When the issue of combining the TCIC with another committee was initially discussed several years ago, I spoke strongly against the concept as the then-Chair of the TIP Section. I believed then and continue to believe that ACEP needs to have a strong Trauma presence, and that a piece of ACEP’s message to the rest of the world about the importance of Trauma and Injury Control in our profession is to have a standing committee focused on those topics. Having been the Chair of the TCIC Committee for the past three years, I admit I have been frustrated by the inability to achieve consensus and actively push the issues we believe are important to the top of the agenda at ACEP.

What’s interesting is that this occurred at a time when the TIP Section is more active than ever, with an active Section Grant, increasing membership demonstrating increasing interest in the topic from throughout the College. I have high hopes that in Spring of 2008 many of you will ask to be placed on either the EMS Committee or the Public Health Committee to support the interests of trauma and injury control in ACEP. Help keep our issues and ideas alive at leadership levels!

Finally, many, many thanks to all the Committee members who have worked with me over the last several years. Thanks for your time at meetings and during conference calls, hard work tackling tough issues, and for your boundless support. 




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Coalition for Fire-Safe Cigarettes Update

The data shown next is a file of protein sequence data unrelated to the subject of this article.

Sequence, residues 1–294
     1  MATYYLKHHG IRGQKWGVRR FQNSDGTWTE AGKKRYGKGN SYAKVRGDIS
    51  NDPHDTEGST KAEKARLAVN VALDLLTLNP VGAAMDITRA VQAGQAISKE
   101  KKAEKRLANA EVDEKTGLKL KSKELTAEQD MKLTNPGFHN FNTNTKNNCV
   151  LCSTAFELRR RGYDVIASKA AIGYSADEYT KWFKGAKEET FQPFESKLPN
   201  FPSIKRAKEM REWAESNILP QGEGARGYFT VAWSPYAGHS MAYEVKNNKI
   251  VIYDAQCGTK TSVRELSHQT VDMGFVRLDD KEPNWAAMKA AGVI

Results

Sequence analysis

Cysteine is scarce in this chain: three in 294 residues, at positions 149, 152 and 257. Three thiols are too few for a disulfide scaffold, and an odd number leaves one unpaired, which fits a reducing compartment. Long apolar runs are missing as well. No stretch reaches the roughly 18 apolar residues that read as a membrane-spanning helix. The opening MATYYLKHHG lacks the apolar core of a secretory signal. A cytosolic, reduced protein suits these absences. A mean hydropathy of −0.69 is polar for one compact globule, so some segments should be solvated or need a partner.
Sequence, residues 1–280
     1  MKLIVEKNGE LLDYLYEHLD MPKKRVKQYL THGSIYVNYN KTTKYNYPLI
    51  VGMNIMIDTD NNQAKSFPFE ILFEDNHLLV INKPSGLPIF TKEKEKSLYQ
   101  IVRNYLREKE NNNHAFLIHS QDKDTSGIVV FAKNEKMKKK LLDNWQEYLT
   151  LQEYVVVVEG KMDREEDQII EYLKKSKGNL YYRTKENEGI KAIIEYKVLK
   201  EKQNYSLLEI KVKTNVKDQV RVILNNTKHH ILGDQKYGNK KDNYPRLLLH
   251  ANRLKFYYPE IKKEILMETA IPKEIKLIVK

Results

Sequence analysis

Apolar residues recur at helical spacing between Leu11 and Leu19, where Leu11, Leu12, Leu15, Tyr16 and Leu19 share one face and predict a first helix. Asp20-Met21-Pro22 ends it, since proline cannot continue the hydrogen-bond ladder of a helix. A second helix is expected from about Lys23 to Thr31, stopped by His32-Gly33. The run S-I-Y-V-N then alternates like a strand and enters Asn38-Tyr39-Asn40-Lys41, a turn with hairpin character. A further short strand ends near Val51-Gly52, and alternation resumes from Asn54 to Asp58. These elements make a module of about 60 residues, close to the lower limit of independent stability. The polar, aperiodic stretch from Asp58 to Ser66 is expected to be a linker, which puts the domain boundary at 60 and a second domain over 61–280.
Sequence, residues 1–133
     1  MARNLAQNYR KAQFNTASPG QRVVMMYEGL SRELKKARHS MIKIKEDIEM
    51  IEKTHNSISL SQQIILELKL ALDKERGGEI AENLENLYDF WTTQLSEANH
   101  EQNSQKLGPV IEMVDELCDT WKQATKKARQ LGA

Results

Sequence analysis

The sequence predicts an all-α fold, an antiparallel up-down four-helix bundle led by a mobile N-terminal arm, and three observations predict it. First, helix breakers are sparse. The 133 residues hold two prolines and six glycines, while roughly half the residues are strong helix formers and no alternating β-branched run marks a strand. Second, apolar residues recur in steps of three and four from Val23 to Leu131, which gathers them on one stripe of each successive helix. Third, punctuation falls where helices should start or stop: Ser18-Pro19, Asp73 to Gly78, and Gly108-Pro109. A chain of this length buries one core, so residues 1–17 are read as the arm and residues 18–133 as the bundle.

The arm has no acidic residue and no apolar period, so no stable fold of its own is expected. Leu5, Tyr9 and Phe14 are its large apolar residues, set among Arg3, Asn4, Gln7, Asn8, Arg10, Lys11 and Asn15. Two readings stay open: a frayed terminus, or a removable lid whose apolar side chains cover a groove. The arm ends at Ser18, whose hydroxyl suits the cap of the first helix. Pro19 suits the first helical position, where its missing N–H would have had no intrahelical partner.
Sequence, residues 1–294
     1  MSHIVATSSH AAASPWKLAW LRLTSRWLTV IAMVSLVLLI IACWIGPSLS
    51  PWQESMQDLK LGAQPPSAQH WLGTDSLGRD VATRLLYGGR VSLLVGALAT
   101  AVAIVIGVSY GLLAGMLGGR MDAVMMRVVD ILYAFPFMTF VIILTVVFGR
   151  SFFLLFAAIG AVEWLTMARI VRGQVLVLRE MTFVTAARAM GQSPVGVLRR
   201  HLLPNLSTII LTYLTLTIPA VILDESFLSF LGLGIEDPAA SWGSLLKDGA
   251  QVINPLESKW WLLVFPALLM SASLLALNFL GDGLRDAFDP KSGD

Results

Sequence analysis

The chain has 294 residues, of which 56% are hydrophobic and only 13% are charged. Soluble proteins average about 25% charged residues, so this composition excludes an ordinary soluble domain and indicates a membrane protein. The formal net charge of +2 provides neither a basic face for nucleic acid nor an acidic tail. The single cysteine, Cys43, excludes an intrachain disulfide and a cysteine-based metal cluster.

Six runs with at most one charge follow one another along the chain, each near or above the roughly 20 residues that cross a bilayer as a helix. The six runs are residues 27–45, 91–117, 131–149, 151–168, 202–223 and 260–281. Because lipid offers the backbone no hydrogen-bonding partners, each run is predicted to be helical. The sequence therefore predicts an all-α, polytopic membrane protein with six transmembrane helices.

As of May 2007, 25 states have filed legislation since the beginning of the year. So far six have signed it into law and two await governor signatures. You can check out the map to see how things are shaping up. Right now, 35.6% of the country is or will soon be covered by this technology. ACEP is a member of this coalition.


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The CPH Update -- Summer 2007

A Publication of the Campaign for Public Health


With the generous support of more than a dozen partner organizations, CPH completed its second congressional staff tour of the CDC’s Atlanta headquarters at the end of May.

Ten of the participating Senate staff were based in Washington, DC, and represented members who sit on several key committees. These include the Budget Committee; the Appropriations Committee and the LHHS Subcommittee; the Health, Education, Labor and Pensions (HELP) Committee; Homeland Security; Special Aging and several others. An additional three congressional staff joined the tour from local offices of the Georgia congressional delegation.

As on the House staff tour CPH led in 2006, this two-day Senate staff visit included lectures from dozens of the CDC’s top scientists on a wide range of public health topics. Participants were also guided through the CDC’s emergency response center, the Health Marketing center and the Chamblee Campus environmental health laboratories-including the CDC’s smoking research facility. Staff also enjoyed a rare tour inside a newly constructed Bio-Security Level 4 laboratory that will be certified for use (and closed to visitors) in the near future. At the end of the first day, participating partner groups joined Senate staff at a reception and dinner. During the reception, Dr. Gerberding called the group from overseas to welcome them to the CDC.


The new congressional caucus founded by Representatives McGovern (D-MA), Granger (R-TX) and Roybal-Allard (D-CA) to explore a wide range of public health topics held its third and fourth congressional briefings this summer. In June the broad topic of vector-borne disease was covered by experts from the CDC, Yale University and the Environmental Protection Agency. In early July a briefing on workplace wellness was held in partnership with the Prevention Caucus, the U.S. Chamber of Commerce, the American College of Preventive Medicine and Partnership for Prevention. Speakers for this event included senior representatives from the CDC, Dow Chemical Company, Wegmans Food Markets and the American Medical Association. Material from these events will be made available on the Campaign for Public Health’s web site.